FIFA says was slow to act on Qatar labor rights

Wed Apr 20, 2016 1:23pm EDT
 
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DOHA (Reuters) - FIFA was late to raise concerns about the treatment of migrant laborers on World Cup stadiums in Qatar and tournament organizers should do more to improve working conditions, an official from world soccer's governing body said on Wednesday.

FIFA did not raise concerns about the abuse of laborers with the Qatar 2022 organizing committee until last May, five years after the hosting rights had been secured, said Federico Addiechi, FIFA's Head of Corporate Social Responsibility.

He added that prior to 2015, FIFA did not consider the construction of stadiums its responsibility.

"When it comes to human rights policy... we started, in connection with Qatar and its bidding process for 2022, late, yes," Addiechi told reporters and trade union members at a human rights conference in Doha.

"As soon as we acknowledged... that an organization like FIFA should be involved in addressing possible violations of human rights in stadiums, we did (contact Qatar)," he said.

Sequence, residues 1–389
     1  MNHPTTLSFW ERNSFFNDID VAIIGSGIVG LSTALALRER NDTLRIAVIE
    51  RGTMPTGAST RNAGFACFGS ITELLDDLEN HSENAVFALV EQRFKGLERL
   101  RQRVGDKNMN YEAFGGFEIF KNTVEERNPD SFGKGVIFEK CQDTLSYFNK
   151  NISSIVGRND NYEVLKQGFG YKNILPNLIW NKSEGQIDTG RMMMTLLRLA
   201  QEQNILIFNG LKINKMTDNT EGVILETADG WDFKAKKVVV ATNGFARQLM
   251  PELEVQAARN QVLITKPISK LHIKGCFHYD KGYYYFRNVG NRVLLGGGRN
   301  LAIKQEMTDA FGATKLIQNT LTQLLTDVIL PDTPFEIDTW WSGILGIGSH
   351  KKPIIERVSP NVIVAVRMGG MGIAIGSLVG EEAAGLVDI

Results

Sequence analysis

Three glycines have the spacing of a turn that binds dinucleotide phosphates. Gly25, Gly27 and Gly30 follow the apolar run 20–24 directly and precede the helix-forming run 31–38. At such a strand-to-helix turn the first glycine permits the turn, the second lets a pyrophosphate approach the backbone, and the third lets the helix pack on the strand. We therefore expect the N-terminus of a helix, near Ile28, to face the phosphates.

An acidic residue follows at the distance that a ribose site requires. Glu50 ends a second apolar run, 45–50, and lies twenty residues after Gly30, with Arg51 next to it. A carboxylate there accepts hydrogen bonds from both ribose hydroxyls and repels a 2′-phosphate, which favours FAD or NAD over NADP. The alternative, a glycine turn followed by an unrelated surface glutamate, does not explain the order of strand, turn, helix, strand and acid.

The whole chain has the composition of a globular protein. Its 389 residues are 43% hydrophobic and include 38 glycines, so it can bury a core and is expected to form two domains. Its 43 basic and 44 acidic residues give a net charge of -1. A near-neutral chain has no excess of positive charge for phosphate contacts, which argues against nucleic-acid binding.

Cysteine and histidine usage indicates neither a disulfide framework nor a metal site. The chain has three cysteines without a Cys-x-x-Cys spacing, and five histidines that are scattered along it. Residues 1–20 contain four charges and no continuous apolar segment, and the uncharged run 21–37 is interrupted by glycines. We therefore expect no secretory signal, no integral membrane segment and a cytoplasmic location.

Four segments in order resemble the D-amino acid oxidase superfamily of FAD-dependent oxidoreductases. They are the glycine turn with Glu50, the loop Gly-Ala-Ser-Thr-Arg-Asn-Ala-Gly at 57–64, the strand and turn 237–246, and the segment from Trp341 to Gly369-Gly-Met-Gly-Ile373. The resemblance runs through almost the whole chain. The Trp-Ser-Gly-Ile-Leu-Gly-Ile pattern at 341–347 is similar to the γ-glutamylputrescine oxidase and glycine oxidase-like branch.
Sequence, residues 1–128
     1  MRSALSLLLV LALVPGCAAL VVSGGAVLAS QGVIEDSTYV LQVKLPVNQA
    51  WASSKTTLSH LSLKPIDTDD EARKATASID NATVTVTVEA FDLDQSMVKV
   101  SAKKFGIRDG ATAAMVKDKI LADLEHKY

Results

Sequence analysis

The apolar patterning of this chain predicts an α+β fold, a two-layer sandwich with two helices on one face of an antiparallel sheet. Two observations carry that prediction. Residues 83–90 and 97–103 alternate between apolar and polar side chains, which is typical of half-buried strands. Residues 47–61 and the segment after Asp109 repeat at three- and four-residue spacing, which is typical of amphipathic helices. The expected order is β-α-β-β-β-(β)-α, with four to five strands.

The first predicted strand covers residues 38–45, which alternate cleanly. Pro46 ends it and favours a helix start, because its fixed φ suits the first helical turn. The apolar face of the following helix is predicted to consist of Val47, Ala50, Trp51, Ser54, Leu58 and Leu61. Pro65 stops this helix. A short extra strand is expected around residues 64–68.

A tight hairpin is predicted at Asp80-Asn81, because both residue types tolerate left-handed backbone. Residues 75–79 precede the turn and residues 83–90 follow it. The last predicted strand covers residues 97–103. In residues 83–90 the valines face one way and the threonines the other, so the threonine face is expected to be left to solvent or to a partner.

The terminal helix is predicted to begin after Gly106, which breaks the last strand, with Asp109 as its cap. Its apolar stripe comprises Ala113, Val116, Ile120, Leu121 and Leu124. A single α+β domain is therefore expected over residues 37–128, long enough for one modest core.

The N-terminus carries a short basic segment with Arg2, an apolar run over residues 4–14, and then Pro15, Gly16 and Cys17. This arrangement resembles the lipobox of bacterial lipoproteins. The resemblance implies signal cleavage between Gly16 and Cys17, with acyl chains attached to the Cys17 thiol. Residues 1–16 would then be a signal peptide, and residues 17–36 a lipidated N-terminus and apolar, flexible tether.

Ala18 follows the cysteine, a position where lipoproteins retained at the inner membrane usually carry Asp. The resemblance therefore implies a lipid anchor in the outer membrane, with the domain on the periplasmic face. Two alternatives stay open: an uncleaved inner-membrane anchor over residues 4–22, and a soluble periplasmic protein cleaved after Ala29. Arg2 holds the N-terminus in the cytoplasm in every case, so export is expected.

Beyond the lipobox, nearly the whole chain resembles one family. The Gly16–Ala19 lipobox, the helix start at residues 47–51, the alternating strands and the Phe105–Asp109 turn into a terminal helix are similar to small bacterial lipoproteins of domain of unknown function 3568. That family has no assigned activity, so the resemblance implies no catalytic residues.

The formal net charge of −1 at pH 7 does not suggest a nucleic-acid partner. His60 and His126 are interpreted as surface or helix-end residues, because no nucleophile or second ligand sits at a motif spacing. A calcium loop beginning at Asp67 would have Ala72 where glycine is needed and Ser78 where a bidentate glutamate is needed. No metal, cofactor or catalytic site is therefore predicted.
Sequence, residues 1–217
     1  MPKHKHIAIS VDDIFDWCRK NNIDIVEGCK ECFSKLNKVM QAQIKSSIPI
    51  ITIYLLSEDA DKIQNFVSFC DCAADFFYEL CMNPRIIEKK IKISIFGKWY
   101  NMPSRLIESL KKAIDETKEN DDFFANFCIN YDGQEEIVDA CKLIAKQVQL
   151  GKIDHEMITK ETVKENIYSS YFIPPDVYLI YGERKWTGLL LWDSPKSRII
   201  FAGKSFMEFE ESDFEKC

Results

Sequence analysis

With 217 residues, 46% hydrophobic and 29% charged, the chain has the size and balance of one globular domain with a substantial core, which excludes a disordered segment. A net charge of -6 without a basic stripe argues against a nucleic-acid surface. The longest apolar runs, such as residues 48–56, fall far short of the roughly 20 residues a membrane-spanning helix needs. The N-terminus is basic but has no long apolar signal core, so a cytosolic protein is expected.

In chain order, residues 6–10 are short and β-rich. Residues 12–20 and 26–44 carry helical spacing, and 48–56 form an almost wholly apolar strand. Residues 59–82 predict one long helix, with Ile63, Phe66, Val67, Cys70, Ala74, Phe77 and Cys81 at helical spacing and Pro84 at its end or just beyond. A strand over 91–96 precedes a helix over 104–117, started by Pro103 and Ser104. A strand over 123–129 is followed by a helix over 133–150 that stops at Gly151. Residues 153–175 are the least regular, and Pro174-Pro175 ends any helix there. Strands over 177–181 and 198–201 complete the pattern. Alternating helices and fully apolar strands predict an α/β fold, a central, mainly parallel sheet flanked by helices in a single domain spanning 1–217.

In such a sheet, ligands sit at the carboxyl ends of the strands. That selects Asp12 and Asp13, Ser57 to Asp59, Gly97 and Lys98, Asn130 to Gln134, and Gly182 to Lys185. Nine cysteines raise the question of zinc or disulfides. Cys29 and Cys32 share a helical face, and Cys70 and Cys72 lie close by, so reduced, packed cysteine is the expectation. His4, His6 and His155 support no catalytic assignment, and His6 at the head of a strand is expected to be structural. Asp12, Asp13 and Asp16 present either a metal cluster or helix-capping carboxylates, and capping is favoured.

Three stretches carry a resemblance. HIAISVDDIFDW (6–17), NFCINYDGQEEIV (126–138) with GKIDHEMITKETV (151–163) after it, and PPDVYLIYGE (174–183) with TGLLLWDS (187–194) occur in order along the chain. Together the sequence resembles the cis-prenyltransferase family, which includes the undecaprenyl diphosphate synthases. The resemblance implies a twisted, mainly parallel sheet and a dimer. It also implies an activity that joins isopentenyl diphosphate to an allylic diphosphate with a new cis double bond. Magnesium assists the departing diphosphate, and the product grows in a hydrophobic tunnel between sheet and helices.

Qatari officials said they were working to resolve issues raised over working conditions and that they needed time to fix problems in the labor system.

Two weeks after Amnesty International reported on ongoing abuses in Qatar's preparations for the World Cup, Addiechi said FIFA would not use the threat of removing hosting rights in order to push for reform.

He said FIFA wanted to work with organizers to improve conditions for foreign workers hired by sub-contractors on tournament sites.

"We would like to see the efforts that are being made to implement welfare standards for migrant workers, that this trickle down to the lowest part of the supply chain," he said.   Continued...

 
The FIFA logo is seen outside the FIFA headquarters in Zurich, Switzerland, December 17, 2015. REUTERS/Ruben Sprich